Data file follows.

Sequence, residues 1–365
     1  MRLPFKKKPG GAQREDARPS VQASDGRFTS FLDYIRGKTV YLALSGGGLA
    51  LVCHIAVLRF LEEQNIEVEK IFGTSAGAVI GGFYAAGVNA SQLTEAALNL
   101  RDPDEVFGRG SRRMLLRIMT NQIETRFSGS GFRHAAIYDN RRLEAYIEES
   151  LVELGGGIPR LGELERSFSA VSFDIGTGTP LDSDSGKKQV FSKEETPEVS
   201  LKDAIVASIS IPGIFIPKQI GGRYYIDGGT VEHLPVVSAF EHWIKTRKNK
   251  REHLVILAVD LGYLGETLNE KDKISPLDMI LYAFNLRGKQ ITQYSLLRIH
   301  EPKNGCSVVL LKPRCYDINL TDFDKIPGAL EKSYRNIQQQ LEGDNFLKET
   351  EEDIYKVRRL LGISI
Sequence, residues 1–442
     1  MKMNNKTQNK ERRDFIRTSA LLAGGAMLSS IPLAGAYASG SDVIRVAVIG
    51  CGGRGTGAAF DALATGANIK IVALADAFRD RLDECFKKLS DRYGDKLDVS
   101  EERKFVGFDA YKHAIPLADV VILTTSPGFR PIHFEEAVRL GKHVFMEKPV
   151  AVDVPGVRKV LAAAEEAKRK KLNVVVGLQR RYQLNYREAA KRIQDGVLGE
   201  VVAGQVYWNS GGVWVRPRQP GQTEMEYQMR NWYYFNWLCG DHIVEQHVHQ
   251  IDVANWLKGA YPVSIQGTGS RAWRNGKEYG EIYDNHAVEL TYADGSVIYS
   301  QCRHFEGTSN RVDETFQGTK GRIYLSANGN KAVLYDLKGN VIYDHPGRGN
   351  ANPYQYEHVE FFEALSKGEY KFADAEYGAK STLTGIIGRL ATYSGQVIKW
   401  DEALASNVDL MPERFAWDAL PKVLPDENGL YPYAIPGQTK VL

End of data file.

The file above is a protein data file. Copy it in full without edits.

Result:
Sequence, residues 1–365
     1  MRLPFKKKPG GAQREDARPS VQASDGRFTS FLDYIRGKTV YLALSGGGLA
    51  LVCHIAVLRF LEEQNIEVEK IFGTSAGAVI GGFYAAGVNA SQLTEAALNL
   101  RDPDEVFGRG SRRMLLRIMT NQIETRFSGS GFRHAAIYDN RRLEAYIEES
   151  LVELGGGIPR LGELERSFSA VSFDIGTGTP LDSDSGKKQV FSKEETPEVS
   201  LKDAIVASIS IPGIFIPKQI GGRYYIDGGT VEHLPVVSAF EHWIKTRKNK
   251  REHLVILAVD LGYLGETLNE KDKISPLDMI LYAFNLRGKQ ITQYSLLRIH
   301  EPKNGCSVVL LKPRCYDINL TDFDKIPGAL EKSYRNIQQQ LEGDNFLKET
   351  EEDIYKVRRL LGISI
Sequence, residues 1–442
     1  MKMNNKTQNK ERRDFIRTSA LLAGGAMLSS IPLAGAYASG SDVIRVAVIG
    51  CGGRGTGAAF DALATGANIK IVALADAFRD RLDECFKKLS DRYGDKLDVS
   101  EERKFVGFDA YKHAIPLADV VILTTSPGFR PIHFEEAVRL GKHVFMEKPV
   151  AVDVPGVRKV LAAAEEAKRK KLNVVVGLQR RYQLNYREAA KRIQDGVLGE
   201  VVAGQVYWNS GGVWVRPRQP GQTEMEYQMR NWYYFNWLCG DHIVEQHVHQ
   251  IDVANWLKGA YPVSIQGTGS RAWRNGKEYG EIYDNHAVEL TYADGSVIYS
   301  QCRHFEGTSN RVDETFQGTK GRIYLSANGN KAVLYDLKGN VIYDHPGRGN
   351  ANPYQYEHVE FFEALSKGEY KFADAEYGAK STLTGIIGRL ATYSGQVIKW
   401  DEALASNVDL MPERFAWDAL PKVLPDENGL YPYAIPGQTK VL